Sphere Entertainment Co. (NYSE:SPHR), a small-cap play on live entertainment and media space is due to announce its Q2-24 (the company follows a June ending fiscal year) earnings next week, on the 5 th of Feb. If you’re looking at exploring a position in this counter ahead of the key event, here are a few important themes to consider.
SPHR has quite a wild track record during earnings season, and one wouldn’t expect the upcoming Q2 event to be any different. For some perspective, over the last 13 quarters, the stock has missed bottom-line GAAP estimates on 8 separate occasions and never met street expectations on any occasion. However. over the last couple of quarters, it has comfortably beaten street estimates, and that too by quite handsome margins. SPHR management typically doesn’t provide any explicit quantitative guidance, but in the upcoming Q2, consensus is currently budgeting for a GAAP loss per share of -0.45, and a non-GAAP figure of -0.06.
For the upcoming Q2 results, investors would also do well not to attach too much of importance to YoY progress, as the previous Q2, last year, included the impact of the now spun-off MSG Entertainment business, as well as the Tao Group Hospitality business, which was eventually sold in May 2023. Q2-23 also likely included certain corporate overhead costs which have become redundant since the spin-off.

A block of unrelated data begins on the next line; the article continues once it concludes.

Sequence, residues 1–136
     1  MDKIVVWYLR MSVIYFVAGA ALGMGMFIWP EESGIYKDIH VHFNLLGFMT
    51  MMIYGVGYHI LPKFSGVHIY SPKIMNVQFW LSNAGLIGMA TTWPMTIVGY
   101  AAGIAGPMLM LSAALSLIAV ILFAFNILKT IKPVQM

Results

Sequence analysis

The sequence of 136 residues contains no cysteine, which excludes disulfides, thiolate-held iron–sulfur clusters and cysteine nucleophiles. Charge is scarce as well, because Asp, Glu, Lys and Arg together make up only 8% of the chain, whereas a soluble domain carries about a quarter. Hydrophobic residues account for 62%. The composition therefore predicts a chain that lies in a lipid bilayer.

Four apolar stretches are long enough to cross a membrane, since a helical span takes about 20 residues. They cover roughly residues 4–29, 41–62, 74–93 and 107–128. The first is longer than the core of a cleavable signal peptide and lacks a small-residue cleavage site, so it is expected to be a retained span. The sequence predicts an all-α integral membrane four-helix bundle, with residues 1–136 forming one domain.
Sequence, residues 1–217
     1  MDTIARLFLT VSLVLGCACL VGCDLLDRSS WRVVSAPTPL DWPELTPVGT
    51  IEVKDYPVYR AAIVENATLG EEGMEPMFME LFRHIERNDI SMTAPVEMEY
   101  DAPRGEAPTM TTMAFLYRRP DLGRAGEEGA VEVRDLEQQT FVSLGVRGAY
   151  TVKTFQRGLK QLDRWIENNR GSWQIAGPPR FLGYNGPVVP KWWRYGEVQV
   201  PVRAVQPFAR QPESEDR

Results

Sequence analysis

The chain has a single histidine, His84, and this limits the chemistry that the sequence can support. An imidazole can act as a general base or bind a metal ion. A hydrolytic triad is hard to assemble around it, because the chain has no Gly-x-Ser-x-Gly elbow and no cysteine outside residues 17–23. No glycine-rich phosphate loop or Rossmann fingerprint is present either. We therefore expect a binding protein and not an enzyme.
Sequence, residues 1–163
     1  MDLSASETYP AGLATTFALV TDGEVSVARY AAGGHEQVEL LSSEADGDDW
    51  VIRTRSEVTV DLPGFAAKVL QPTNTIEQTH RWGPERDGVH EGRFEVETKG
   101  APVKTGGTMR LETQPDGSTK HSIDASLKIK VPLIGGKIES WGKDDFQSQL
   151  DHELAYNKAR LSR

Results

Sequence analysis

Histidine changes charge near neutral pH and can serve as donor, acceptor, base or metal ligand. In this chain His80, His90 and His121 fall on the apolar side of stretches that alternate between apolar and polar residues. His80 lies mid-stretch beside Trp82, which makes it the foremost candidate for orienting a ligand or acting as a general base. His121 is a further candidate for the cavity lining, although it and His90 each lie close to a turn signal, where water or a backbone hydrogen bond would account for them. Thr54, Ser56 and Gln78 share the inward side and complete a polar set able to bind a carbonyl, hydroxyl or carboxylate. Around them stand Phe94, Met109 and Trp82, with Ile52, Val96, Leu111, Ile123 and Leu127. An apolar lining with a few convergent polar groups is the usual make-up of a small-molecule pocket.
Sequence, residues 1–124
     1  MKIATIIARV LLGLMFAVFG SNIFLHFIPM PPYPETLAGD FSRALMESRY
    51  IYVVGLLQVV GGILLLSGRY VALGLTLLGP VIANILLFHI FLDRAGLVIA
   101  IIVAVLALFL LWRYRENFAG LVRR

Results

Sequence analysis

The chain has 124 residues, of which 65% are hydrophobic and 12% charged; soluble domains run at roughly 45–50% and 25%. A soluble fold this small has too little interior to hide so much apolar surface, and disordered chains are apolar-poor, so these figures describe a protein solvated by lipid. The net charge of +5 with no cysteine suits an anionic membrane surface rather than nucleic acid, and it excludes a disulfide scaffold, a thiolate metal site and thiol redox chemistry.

Regardless, after delivering operating losses for 5 straight quarters, it is encouraging to note that SPHR could finally deliver a positive adjusted EBIT number in Q2. Meanwhile, it also looks like the revenue run rate could witness a surge by 2.5x from levels of $118m seen in Q1-24, as consensus is currently expecting a revenue figure of $305m. Given the high production and establishment costs associated with this business, it makes a big difference when the volume comes in, as the day-to-day maintenance expenditure is typically less onerous on the overall cost base.
A key driver in Q2 will be the full quarter impact of the company’s first Sphere in Las Vegas, which only went live towards the end of September. Sphere’s U2 concerts which offer an immersive experience appear to have been a big hit with the business now forced to offer 15 new shows in 2024 through March. Occupancy levels too appear to have been quite healthy with tickets sold for each concert equating to 16400, which means an implied rate of 88% (the seating capacity is 18600). It isn’t just the volume that’s worth commending; as recently as mid-Jan, tickets were being sold at peak levels of $750 per show. In the first two months of Q2, the U2 show was able to generate average revenue of around $15m per month, don’t be surprised to discover if this likely spiked to $20-$25m in Dec alone. All in all, we think the U2 event could have likely contributed $60m in the final quarter of 2023.